I deal with the topic of infidelity in my work with couples all the time. Committed and married couples come see me individually or together- but usually only after the fact: after they have tried to work things out on their own or need someone to help them make a decision whether to stay together or not. It’s never easy.
Nor is it clear cut. Part of the problem is that many people think that monogamy is a given, a steadfast rule, something we pledge in our vows or commitment to each other, something that is just supposed to happen- like a knee-jerk reaction to a sharp tap on the patellar tendon.
It’s more than that.
True, monogamy is something most people believe in and want for themselves but it’s also a choice, a conscious choice…and one that needs to be honestly discussed. Couples cannot fend-off affairs just by assuming monogamy or even promise monogamy without discussing the issue. Nor can they avoid affairs by making threats as to what they would do if it happened. It doesn’t work that way.
I always loved the expression, “Married but Not Dead”. My clients never know whether to gasp or smile whenever I remark about how on this planet of 7 billion plus people to possibly think that we cannot be attracted to someone other than our partner or spouse is….,well, pretty darn ridiculous, adhering to the simple fact that attractions to others are likely, even normal, sometimes healthy and indeed inevitable, no matter how much couples love each other. The bottom line is what we decide to do with the attraction.
Did you know that the process of discussing attractions can actually decrease the likelihood of acting on them? Think about it: if you were to openly and honestly talk about having an affair, you would certainly erase the secrecy out of it and probably focus more on the possible problems of acting on the affair; whereas, when a person is secretly tempted to have an affair, their undisclosed private thoughts usually lead them to focus more on the possible pleasures. This is why clandestine behaviour thrives on mystery. By talking about it, however, it diffuses its potency.
One of my favourite experts on this topic, Peggy Vaughn, who penned The Monogamy Myth, writes that this process of acknowledging attractions and discussing how they are to be handled is one that both married and unmarried couples need to address prior to any problem with affairs. Constantly wondering- and especially worrying about this issue- creates a strain between partners that may prevent their developing a better sense of trust in each other. She suggests couples need to talk through their feelings about monogamy and attractions to other people on an ongoing basis, as their relationship develops. I agree. It requires not only ongoing honest discussion of the issue but is also part of building value for the relationship. The same goes for sex. Even in totally exclusive relationships, people change when it comes to their sexual needs and desires. Being able to discuss these issues freely is important. This makes it possible for the couple to feel connected, as if they really know each other, making it more likely they can trust that they won’t deceive each other, thus preventing affairs.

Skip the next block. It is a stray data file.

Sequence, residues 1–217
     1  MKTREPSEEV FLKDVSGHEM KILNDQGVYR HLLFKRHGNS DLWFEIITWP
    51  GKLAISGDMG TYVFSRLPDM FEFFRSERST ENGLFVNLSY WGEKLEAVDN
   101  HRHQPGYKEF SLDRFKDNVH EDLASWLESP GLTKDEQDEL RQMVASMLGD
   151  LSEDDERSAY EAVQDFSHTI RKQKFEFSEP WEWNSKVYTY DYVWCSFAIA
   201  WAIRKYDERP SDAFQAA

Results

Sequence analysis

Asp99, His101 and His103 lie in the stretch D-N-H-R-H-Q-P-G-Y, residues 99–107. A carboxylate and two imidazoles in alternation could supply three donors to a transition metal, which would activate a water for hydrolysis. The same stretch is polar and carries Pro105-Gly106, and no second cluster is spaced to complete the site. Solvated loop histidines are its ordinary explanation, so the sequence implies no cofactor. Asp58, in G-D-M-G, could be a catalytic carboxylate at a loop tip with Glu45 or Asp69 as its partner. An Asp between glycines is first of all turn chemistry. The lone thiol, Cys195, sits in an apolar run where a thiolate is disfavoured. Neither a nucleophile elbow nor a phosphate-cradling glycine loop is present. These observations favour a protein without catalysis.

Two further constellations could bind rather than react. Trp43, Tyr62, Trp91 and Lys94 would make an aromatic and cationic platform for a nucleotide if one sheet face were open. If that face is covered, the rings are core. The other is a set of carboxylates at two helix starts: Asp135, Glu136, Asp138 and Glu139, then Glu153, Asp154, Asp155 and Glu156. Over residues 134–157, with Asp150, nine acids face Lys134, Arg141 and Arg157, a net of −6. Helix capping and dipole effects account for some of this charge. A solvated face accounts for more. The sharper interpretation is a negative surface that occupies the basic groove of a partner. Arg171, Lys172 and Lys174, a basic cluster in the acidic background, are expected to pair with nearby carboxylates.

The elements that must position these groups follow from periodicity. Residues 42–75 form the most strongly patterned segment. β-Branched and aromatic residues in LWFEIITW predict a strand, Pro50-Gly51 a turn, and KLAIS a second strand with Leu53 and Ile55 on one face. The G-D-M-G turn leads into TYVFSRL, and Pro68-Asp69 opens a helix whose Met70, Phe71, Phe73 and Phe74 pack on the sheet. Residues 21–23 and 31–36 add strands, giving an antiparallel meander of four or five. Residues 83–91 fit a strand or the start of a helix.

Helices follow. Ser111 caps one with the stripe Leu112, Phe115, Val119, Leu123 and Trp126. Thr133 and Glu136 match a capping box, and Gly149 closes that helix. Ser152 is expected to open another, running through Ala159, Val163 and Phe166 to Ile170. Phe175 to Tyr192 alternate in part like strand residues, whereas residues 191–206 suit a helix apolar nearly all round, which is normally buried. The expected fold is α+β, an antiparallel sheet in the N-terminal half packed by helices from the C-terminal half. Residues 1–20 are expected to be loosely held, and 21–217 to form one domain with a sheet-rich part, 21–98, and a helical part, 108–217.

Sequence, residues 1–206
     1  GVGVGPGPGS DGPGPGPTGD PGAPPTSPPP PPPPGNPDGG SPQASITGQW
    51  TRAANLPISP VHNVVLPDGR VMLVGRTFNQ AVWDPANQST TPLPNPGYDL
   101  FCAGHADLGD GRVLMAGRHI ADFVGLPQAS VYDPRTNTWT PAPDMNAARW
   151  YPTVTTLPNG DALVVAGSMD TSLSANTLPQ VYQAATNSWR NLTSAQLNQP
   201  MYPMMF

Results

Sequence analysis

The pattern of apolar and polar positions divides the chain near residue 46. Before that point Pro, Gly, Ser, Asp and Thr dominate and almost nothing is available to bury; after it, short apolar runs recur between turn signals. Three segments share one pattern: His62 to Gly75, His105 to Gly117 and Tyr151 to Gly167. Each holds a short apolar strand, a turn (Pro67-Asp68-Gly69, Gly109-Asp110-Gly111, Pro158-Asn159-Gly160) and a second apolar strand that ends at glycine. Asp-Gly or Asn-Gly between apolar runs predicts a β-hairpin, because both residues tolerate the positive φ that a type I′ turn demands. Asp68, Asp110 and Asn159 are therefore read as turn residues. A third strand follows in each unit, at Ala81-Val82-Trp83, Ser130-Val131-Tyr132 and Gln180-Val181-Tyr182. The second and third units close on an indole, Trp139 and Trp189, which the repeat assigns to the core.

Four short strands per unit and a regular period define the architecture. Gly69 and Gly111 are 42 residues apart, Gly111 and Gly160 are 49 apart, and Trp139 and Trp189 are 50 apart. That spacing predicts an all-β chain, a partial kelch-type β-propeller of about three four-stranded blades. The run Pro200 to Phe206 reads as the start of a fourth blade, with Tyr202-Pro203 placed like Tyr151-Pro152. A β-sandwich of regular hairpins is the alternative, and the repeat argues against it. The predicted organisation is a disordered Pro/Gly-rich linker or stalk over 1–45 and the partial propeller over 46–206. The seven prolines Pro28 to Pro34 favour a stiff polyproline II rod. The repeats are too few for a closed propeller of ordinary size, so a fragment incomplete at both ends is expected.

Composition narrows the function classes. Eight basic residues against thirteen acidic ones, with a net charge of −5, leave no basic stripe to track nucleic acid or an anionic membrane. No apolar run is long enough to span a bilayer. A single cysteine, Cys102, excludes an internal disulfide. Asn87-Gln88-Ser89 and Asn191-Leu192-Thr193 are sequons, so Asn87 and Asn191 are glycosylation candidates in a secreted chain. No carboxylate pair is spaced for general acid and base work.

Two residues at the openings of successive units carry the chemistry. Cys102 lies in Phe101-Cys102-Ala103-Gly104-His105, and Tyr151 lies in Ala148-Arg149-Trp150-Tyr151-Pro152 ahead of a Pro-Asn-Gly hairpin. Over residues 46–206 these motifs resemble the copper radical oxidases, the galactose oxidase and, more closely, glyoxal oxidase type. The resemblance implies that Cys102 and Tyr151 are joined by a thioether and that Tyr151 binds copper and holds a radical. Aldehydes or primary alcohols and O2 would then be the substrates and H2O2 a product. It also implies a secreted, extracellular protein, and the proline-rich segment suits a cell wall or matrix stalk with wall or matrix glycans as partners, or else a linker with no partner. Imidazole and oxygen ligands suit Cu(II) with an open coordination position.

Maybe monogamy has become too cliché? Maybe its outmoded doctrine requires a brand new podium? Instead of embracing monogamy as a default mode, perhaps we should kick it up a notch and really flesh it out, making room for more of an openly shared state of internal affairs.
What are some of your thoughts about monogamy? Do you think holding it up to an ideal-without necessarily talking about it- is enough for a relationship? If so, do you think it somehow has to do with the continued existence of sexual taboos in our society which contribute to the difficulty many partners still have when it comes to talking openly and honestly about sex?
Hope you’re having a great summer…..I would love to hear from you.